Do I indeed derive any pleasure from the death of the wicked?
Herbert Kappler was the head of the German security forces in occupied Rome during World War II. In addition to security duties, he oversaw the deportation of thousands of Jews to concentration camps. He was also behind the Ardeatine Massacre, in which 335 Italian men were killed in reprisal for a resistance bombing that killed 30 German soldiers.
After the war, Kappler was sentenced to life in prison. It was not long before he wrote to ask for a visit from his wartime enemy, a Catholic priest named Hugh O’Flaherty. Msgr. O’Flaherty had thwarted Kappler time and again, forging documents, hiding Jews, and aiding Allied troops. Despite the fact that Kappler had put a bounty on his head during the war, O’Flaherty accepted his invitation and visited him regularly. Within just a few short years, Kappler joined the Catholic Church and experienced God’s forgiveness for what he had done.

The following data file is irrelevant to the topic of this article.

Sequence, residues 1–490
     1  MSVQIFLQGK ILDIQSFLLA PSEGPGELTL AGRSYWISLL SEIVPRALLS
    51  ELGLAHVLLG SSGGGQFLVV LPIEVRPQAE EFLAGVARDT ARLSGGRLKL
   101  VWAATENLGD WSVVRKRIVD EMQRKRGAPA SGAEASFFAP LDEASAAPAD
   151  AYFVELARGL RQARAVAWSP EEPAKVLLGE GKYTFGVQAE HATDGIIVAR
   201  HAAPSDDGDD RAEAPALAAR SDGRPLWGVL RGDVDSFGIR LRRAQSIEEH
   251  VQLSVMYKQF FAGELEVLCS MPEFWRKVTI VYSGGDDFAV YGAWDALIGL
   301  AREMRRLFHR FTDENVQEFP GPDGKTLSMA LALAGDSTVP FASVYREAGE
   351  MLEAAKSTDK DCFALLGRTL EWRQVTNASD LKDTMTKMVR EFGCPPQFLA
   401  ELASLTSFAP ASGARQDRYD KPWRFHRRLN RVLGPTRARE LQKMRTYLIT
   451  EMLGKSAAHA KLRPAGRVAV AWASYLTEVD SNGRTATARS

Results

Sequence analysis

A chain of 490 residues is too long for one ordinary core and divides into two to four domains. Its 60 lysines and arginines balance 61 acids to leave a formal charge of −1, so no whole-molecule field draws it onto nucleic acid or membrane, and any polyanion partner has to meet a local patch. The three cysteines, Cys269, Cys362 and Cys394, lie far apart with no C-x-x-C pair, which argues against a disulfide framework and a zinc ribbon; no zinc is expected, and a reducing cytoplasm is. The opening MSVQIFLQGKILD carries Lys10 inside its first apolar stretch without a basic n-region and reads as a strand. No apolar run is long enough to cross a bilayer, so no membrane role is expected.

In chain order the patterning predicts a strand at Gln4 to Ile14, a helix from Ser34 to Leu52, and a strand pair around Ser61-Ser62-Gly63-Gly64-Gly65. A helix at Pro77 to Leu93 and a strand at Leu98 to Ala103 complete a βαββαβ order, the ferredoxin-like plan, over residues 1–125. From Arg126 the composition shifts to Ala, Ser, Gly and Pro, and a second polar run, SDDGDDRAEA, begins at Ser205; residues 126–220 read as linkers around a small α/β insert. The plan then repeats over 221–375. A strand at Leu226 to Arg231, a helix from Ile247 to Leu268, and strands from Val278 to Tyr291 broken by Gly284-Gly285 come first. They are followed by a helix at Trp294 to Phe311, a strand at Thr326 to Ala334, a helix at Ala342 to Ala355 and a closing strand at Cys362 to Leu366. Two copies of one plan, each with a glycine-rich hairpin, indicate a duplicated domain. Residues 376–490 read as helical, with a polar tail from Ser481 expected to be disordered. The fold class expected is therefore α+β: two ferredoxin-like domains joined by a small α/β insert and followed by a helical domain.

Msgr. O’Flaherty had every right to reject the invitation to visit his former enemy, a man with blood on his hands and who had caused untold pain in Rome. But look what happened because he chose mercy! He is a living example that God derives no pleasure from the death of the wicked.
We all face the decision to be merciful toward those who have hurt us or wronged someone we know. Our situations probably won’t be as dramatic as Msgr. O’Flaherty’s, but they will still be challenging for us. But think of what God can do when you try to forgive. Think of how people’s lives can change because of your decision to extend mercy—especially when it seems that you have every right to turn away.
Take a minute now to think of someone who needs your forgiveness. Can you give them the chance for a new start? Remember that God doesn’t want anyone to die in sin. Ask him to give you the same grace that he gave Msgr. O’Flaherty. Ask him to help you look an opponent in the face and forgive him. You never know. You might be the instrument that God uses to bring that person to a deeper conversion.
Help me to be an instrument of your mercy.
word among us